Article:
AWS System Design for High Availability (Part 1)

Part 1, Part 2

Introduction

We will divide this topic as two parts. The first part we will talk about what high availability (HA) is and Elastic Load Balancing (ELB). We may have a brief concept about HA and ELB from previous articles, but this time we will go through it a little bit details.

What is High Availability (HA)?

High availability (HA) is about ensuring that your application’s down time is minimized as much as possible without human intervention.

For best practice, we should avoid single points of failure. All the things we assume to be failed, and design backwards.

For instance, we should create a standby database server and replicate the data. Then it will have resilience one the master database is down.

Also, there are two requirements when talking about HA.

  1. Recovery Time Objective (RTO). It measures the recovery time of the system.
  2. Recovery Point Objective (RPO). It measures how much data we afford to lose.

Also, when we determine how good of the HA design, we think of below 3 factors:

  1. Fault tolerance. It measures the built-in redundancy of an application’s components.
  2. Recoverability. It measures the procedures, process and policies about restoring service after a catastrophic event.
  3. Scalability. It measures the ability of an application to accommodate growth without changing design.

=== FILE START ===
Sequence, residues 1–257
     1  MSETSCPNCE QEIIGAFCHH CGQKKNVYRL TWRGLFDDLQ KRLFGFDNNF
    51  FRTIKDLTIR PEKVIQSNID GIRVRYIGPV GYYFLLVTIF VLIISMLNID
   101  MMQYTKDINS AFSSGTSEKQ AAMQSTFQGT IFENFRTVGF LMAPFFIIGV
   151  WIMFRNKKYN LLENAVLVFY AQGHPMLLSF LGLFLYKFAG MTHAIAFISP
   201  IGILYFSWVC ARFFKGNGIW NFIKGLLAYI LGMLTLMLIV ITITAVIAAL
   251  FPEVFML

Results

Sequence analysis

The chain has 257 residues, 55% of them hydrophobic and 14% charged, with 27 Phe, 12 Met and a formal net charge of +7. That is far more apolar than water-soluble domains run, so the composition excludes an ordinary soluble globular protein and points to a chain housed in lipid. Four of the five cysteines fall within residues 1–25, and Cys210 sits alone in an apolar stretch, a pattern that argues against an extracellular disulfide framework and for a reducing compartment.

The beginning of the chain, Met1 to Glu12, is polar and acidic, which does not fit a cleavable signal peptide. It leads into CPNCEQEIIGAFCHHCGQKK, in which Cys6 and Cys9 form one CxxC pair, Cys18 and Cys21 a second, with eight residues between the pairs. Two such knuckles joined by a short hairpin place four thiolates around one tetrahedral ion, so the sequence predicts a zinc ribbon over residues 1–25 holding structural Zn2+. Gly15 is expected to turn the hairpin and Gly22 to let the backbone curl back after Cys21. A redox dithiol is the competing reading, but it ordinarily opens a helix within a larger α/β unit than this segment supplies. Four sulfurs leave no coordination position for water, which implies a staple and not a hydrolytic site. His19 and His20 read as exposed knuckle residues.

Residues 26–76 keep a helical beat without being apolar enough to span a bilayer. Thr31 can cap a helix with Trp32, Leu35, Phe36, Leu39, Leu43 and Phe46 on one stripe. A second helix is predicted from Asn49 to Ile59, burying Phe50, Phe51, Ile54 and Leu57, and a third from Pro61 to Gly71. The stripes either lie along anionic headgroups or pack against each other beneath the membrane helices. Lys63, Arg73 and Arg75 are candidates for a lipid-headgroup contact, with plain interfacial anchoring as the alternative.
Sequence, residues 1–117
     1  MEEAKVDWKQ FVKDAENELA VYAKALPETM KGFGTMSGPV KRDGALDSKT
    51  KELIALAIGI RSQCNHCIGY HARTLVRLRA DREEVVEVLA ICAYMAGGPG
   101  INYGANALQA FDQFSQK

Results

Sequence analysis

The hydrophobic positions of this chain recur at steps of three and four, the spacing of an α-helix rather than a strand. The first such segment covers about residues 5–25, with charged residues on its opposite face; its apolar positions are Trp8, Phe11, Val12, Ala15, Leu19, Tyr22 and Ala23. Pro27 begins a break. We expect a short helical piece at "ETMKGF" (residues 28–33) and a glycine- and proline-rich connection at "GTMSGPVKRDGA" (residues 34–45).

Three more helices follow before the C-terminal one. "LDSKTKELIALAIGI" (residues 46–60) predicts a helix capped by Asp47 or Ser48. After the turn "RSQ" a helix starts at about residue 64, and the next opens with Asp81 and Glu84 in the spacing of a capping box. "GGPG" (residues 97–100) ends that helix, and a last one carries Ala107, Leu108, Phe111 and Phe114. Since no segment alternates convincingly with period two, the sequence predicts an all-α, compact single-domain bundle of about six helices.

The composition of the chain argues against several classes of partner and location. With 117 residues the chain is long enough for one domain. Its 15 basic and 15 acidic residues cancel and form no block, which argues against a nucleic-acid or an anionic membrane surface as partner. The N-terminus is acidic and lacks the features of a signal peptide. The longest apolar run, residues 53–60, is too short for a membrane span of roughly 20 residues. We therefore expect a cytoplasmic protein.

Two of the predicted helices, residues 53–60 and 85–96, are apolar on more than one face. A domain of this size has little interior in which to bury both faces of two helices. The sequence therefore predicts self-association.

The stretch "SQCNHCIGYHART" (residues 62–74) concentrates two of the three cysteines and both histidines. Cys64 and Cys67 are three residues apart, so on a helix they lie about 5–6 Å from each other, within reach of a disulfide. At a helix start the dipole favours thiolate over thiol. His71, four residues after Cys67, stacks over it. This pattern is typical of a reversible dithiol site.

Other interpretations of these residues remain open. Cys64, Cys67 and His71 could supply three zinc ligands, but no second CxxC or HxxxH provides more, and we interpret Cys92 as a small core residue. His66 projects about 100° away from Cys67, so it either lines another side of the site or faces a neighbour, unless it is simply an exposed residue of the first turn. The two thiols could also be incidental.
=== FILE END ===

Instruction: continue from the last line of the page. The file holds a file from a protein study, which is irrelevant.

To really implement HA is very difficult. However, that is also the reason we use AWS cloud, or any public cloud.

In traditional, on-premises HA is very expensive and is suitable only for absolutely mission-critical applications.

On the other hand, in AWS we can easily have multiple servers, isolate datacenter and fault-tolerant services.

Elastic Load Balancing (ELB)

As mentioned before, ELB is a managed load balancing server to distribute incoming application traffic across multiple EC2.

In addition, it can detect unhealth instances. It works for both public or internal facing.

By enabling connection draining, it makes ELB to stop sending new requests to back-end instance if instances are unhealthy. Thus, we can perform maintenance without affecting our end users.

In fact, we can use multiple load balancers to access web application with different settings.

HA with ELB

As discussed above, we can have internet-facing and internal-facing ELB. In most cases, we do not only need either one, but need both of them just like above figure shown.

For this design, internet-facing ELB is located on public subnet and distribute traffic to web servers in two AZs. On the other hand, internal ELB is located on private subnet and distribute traffic to app servers.

Conclusion

To conclude, we learnt how to define a good HA system by fault tolerance, recoverability and scalability. Also, we need to think when to use public and internal facing ELB. It provides HA due to the health check property.

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